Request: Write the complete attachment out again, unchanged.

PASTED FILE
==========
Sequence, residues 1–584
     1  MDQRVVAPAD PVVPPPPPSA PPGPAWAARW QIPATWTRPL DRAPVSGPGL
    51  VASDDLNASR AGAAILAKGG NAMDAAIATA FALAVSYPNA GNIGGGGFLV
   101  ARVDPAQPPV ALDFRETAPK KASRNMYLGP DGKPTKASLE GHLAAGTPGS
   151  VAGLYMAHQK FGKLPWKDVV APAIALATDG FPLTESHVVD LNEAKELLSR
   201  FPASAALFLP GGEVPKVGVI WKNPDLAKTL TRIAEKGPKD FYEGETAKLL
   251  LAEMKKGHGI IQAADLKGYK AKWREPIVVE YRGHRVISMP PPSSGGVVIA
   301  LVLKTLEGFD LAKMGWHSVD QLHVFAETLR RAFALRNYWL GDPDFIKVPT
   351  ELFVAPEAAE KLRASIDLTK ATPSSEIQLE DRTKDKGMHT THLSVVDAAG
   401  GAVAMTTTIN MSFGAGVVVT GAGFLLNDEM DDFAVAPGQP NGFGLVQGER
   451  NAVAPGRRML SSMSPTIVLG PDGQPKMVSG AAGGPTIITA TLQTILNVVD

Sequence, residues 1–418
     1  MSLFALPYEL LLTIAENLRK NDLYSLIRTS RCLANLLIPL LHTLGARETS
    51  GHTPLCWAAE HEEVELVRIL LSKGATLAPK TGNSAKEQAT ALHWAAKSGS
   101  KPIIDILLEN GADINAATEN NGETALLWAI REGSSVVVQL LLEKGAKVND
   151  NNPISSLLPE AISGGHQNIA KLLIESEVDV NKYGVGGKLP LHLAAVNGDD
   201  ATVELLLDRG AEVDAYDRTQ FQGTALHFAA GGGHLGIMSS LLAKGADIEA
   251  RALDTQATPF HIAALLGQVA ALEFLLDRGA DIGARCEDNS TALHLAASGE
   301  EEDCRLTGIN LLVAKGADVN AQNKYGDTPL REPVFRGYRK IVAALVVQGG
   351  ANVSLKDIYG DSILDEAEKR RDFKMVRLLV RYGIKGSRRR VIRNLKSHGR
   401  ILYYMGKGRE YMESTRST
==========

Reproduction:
Sequence, residues 1–584
     1  MDQRVVAPAD PVVPPPPPSA PPGPAWAARW QIPATWTRPL DRAPVSGPGL
    51  VASDDLNASR AGAAILAKGG NAMDAAIATA FALAVSYPNA GNIGGGGFLV
   101  ARVDPAQPPV ALDFRETAPK KASRNMYLGP DGKPTKASLE GHLAAGTPGS
   151  VAGLYMAHQK FGKLPWKDVV APAIALATDG FPLTESHVVD LNEAKELLSR
   201  FPASAALFLP GGEVPKVGVI WKNPDLAKTL TRIAEKGPKD FYEGETAKLL
   251  LAEMKKGHGI IQAADLKGYK AKWREPIVVE YRGHRVISMP PPSSGGVVIA
   301  LVLKTLEGFD LAKMGWHSVD QLHVFAETLR RAFALRNYWL GDPDFIKVPT
   351  ELFVAPEAAE KLRASIDLTK ATPSSEIQLE DRTKDKGMHT THLSVVDAAG
   401  GAVAMTTTIN MSFGAGVVVT GAGFLLNDEM DDFAVAPGQP NGFGLVQGER
   451  NAVAPGRRML SSMSPTIVLG PDGQPKMVSG AAGGPTIITA TLQTILNVVD

Sequence, residues 1–418
     1  MSLFALPYEL LLTIAENLRK NDLYSLIRTS RCLANLLIPL LHTLGARETS
    51  GHTPLCWAAE HEEVELVRIL LSKGATLAPK TGNSAKEQAT ALHWAAKSGS
   101  KPIIDILLEN GADINAATEN NGETALLWAI REGSSVVVQL LLEKGAKVND
   151  NNPISSLLPE AISGGHQNIA KLLIESEVDV NKYGVGGKLP LHLAAVNGDD
   201  ATVELLLDRG AEVDAYDRTQ FQGTALHFAA GGGHLGIMSS LLAKGADIEA
   251  RALDTQATPF HIAALLGQVA ALEFLLDRGA DIGARCEDNS TALHLAASGE
   301  EEDCRLTGIN LLVAKGADVN AQNKYGDTPL REPVFRGYRK IVAALVVQGG
   351  ANVSLKDIYG DSILDEAEKR RDFKMVRLLV RYGIKGSRRR VIRNLKSHGR
   401  ILYYMGKGRE YMESTRST